John also confessed that he’s had a crush on someone outside the house for a few years and that there are other infidelities over the course of his marriage.

I am having a difficult time discerning if this is actual polyamory (which I am not terribly familiar with) or just rationalization of bad behavior and a desire to have shackles taken off so he can date other women without guilt.

John discussed the possibility of romances (plural his) going forward and not liking the idea of primary/secondary relationship – so in theory these other women would have the same status in his life as Priscilla.

Putting myself in Priscilla’s shoes – this would be hard to swallow. I fear that our happy home is about to be torn and I am hoping for some help with resources / tools I can use to help them both while maintaining healthy boundaries.

(I am not concerned about having random lady friends over with children about – before moving in we all signed a contract that included the right of any one of us to veto someone coming over if for any reason it made us uncomfortable. John will have to get any lady friends approved by his house-mates before they can come over or will have to leave.)

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Dear Captain and Awkward Army,

My roommate and friend, Pat, is lonely and under socialized. Not always, but often, when Pat enters a conversation, he does not respond to the organic flow of the conversation or attempts to change the subject. Instead, he will wait until you are fished, then be like “Cool. So anyway, about the story I was telling you before…” and then just keep going. Or sometimes Pat will be like, “Hey, remember that thing we were talking about 20 minutes ago?” and then launch into a story.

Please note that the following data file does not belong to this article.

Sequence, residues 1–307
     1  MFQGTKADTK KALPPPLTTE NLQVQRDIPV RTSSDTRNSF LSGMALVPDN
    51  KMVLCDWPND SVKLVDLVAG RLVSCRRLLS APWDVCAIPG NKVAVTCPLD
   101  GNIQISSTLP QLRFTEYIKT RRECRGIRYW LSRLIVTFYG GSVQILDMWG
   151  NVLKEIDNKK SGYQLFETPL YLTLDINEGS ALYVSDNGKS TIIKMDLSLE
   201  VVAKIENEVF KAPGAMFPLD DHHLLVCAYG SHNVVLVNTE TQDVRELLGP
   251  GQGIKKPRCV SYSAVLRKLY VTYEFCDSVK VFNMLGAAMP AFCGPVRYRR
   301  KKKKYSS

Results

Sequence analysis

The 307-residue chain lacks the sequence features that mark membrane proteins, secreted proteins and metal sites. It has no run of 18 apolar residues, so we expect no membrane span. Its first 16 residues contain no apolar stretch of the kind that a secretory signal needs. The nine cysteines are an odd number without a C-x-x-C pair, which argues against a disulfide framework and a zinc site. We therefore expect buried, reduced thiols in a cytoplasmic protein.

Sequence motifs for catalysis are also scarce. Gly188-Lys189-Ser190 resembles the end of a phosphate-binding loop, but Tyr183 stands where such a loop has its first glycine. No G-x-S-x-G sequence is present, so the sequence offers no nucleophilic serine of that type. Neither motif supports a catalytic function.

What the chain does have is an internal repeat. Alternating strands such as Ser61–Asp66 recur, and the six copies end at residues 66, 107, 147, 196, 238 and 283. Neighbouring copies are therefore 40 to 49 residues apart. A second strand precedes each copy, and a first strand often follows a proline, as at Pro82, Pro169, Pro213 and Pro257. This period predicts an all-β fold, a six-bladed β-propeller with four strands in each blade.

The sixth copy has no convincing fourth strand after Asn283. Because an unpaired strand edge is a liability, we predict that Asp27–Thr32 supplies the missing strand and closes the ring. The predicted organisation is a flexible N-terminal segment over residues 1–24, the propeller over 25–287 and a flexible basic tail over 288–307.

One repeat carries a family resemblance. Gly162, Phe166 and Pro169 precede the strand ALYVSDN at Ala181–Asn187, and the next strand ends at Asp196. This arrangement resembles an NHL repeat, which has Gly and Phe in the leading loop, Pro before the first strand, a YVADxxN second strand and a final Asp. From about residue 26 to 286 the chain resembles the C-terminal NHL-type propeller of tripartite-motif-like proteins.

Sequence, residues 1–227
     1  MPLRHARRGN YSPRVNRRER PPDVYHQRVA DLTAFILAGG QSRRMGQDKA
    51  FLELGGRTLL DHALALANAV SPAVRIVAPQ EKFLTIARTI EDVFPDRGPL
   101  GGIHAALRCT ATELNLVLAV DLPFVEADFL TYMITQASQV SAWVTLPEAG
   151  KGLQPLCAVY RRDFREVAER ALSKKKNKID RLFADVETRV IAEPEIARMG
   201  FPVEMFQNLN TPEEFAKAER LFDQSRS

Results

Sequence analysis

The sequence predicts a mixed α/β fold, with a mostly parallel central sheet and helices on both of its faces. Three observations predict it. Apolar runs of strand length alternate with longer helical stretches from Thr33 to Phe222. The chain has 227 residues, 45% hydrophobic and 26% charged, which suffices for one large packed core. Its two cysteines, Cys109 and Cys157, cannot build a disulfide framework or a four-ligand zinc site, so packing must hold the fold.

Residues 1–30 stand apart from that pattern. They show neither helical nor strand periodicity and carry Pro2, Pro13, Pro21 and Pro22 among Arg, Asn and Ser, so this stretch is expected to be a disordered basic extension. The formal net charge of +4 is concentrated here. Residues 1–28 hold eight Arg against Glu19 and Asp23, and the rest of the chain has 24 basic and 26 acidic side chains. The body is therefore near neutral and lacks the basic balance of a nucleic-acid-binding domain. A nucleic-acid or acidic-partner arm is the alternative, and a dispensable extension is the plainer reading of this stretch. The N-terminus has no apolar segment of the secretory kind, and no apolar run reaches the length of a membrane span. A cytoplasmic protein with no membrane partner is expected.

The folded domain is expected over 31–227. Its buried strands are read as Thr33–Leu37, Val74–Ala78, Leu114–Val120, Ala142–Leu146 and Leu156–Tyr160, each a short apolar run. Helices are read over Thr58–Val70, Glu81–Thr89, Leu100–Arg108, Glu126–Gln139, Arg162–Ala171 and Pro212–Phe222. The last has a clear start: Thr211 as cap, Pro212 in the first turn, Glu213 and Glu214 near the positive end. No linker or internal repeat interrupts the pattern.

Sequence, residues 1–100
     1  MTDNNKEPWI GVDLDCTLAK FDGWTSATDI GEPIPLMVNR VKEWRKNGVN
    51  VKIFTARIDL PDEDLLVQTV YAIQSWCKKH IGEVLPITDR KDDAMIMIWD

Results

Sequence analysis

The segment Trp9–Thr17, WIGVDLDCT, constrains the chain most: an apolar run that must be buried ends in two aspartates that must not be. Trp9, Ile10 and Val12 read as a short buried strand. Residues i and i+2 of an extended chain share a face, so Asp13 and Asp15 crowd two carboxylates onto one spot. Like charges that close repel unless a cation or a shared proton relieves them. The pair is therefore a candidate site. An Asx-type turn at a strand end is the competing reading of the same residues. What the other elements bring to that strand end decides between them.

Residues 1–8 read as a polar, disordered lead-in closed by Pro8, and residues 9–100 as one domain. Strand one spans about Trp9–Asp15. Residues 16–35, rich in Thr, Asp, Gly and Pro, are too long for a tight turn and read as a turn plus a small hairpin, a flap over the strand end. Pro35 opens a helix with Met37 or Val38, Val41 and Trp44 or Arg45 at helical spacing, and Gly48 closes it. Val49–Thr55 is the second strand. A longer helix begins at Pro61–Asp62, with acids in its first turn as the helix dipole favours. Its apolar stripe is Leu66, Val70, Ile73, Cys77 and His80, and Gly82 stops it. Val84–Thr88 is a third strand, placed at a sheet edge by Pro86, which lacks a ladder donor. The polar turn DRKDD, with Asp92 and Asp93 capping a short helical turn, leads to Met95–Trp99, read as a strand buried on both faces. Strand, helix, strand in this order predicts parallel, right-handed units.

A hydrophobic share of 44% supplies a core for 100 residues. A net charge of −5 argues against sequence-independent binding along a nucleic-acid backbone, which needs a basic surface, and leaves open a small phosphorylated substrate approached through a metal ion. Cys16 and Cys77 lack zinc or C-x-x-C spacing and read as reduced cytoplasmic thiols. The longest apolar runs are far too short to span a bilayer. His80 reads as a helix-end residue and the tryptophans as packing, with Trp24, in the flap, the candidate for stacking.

Pat’s stories are usually pretty mundane, but in a group of people, Pat will make sure any new person to the group hears the pet story of the day, no matter how many times the other group members have heard it already. Pat is always 100% sure these stories are great and fascinating and will hype them up before telling them. He also seems to be oblivious to signs of disinterest and boredom.

Recently, I had a couple of chatty extroverts over and Pat still managed to dominate the conversation for 2 or 3 hours. I had to leave the room a few times to get a break. This was both exhausting and disappointing because I wanted to catch up with my guests and instead I mostly just got tickets to the Pat show. Though in Pat’s defense, I think my guests were entertained and not put off.

Some of my friends think that Pat is self centered, but I think it’s mostly that Pat is oblivious, eager to socialize, and insecure. Based on some of the stories Pat has told me me, he struggles to make friends and maintain friendships, and due to some of the details of these stories, I think this may be a contributor.

I would like to help Pat expand his friend circle (especially to include people who share Pat’s main interest and would find his stories interesting, since I don’t) but I don’t really want to sit down and have an awkward conversation with Pat where I have to explain that he is boring me and making me tired. It’s not a fun conversation for anyone to have, but Pat in particular has an overactive jerk brain and will likely be very hurt.

I would also like to make an effort to spend more time with Pat, but I don’t want to be talked at for an hour and a half while I feign interest in the ins and outs of Pat’s 18th century literature course and how awesome and smarter than everyone else in the class Pat is.